Attention can be measured by observing babies' and children's eye movements. When a child sees something new or surprising, he or she will look at it. By studying their eye movements we can infer what the child knows or does not know.
The equipment we use for measuring eye movements (the Tobii Eyetracker) consists of a computer screen with a built-in camera that takes pictures of your child’s eyes. Your child will sit on your lap and watch a short movie on the computer screen. While your child is watching the movie, we record his or her eye movements and later investigate whether and how he or she followed what happened on the screen and which aspects he or she paid most attention to.
We can also measure the size of pupils with an Eyetracker. Pupil dilation interests us because it reflects certain cognitive processes. When someone is surprised or interested, the pupil dilates!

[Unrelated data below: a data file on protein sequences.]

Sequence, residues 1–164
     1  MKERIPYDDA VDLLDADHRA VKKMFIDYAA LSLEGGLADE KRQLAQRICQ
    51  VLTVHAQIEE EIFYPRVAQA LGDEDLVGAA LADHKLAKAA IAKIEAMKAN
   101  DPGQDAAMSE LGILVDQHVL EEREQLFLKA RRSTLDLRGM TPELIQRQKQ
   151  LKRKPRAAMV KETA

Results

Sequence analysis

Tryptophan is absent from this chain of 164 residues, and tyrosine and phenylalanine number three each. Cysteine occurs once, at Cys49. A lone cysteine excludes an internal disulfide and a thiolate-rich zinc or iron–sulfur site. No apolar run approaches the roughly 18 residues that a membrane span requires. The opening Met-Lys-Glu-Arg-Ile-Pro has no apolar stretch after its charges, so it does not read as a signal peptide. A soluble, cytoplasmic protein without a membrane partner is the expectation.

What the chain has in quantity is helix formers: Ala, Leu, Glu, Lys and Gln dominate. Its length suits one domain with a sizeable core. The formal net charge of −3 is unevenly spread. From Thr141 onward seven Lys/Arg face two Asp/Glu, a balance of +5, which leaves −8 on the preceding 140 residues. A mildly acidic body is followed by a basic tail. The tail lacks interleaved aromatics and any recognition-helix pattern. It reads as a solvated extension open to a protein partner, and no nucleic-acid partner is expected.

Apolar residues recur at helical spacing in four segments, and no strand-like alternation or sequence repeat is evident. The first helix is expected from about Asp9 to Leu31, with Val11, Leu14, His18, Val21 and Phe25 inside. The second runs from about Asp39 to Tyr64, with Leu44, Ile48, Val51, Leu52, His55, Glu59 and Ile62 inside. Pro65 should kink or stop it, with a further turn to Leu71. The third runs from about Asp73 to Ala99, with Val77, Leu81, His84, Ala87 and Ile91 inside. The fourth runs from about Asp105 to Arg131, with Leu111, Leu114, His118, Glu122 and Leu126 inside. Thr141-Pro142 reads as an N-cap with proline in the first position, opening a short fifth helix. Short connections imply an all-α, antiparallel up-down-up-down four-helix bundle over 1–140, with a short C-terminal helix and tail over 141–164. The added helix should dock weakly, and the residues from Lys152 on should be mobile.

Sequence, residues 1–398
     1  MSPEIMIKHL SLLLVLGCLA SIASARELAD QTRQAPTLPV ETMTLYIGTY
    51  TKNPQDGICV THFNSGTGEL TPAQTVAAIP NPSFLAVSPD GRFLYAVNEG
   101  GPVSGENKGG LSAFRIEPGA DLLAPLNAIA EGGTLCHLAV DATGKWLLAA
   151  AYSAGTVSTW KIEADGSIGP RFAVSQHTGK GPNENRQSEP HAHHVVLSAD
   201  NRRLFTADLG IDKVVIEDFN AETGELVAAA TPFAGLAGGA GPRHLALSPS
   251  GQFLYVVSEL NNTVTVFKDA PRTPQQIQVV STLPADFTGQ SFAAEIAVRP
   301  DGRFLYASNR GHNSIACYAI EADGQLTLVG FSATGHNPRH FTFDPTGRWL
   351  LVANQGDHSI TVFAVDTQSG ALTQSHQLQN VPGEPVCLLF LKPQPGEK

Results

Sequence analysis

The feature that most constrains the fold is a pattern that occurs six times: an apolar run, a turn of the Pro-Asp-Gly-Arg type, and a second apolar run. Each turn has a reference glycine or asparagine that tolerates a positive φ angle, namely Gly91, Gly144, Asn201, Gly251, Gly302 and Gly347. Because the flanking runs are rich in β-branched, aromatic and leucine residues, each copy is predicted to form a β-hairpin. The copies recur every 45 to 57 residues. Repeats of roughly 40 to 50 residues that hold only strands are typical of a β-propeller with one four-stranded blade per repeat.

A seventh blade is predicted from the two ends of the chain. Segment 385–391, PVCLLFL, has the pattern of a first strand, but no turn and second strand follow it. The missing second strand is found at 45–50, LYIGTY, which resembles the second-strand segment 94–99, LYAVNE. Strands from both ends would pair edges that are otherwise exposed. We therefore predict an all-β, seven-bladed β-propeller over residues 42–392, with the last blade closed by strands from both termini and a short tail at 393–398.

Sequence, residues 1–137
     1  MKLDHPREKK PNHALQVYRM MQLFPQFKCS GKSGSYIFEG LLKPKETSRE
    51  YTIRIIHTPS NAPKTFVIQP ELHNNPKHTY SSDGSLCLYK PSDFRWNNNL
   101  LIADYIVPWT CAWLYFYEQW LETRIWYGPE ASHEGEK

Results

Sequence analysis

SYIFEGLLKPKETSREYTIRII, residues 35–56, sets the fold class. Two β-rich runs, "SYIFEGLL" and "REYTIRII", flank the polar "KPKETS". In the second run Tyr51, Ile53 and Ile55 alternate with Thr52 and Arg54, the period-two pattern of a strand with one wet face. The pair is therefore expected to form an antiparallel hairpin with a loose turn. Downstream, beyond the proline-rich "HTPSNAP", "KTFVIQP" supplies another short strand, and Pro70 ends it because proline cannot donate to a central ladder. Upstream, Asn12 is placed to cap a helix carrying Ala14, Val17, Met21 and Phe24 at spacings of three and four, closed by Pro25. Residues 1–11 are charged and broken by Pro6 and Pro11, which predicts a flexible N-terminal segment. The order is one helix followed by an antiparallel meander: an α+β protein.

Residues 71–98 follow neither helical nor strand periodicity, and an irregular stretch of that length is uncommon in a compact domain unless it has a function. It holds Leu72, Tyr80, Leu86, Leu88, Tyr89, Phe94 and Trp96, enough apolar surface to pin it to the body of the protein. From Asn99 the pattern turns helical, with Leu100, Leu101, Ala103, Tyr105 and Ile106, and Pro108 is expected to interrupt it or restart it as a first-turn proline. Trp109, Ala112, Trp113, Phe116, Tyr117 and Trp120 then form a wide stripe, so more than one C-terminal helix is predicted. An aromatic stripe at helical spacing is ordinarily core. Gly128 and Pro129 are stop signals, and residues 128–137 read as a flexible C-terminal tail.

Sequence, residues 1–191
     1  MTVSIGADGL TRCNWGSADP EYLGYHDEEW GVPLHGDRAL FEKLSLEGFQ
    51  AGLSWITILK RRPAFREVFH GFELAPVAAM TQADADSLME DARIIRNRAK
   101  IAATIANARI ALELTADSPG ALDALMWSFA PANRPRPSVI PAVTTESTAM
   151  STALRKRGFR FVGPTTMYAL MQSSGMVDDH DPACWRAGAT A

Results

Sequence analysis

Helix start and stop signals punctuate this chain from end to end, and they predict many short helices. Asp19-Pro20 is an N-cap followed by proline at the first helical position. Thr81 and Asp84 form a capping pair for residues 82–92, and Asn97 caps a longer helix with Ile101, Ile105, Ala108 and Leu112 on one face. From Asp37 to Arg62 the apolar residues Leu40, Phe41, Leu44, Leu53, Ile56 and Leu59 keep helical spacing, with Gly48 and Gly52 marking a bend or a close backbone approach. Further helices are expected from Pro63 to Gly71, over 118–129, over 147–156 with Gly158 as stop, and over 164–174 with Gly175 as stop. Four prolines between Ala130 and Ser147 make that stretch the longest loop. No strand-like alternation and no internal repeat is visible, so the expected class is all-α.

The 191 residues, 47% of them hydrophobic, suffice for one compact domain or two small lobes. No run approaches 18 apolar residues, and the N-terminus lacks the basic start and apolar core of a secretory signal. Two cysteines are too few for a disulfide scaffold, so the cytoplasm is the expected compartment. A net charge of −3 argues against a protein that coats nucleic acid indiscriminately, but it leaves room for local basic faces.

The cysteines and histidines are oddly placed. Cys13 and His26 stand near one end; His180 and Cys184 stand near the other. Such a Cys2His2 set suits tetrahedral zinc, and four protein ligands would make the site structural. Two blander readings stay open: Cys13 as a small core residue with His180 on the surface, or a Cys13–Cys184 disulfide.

For example, we repeatedly show a baby a sequence of objects and then suddenly change the sequence. From the pupil size we can infer whether the baby is surprised by this sudden change. If that's the case, this means the baby discovered and thus learned the original sequence!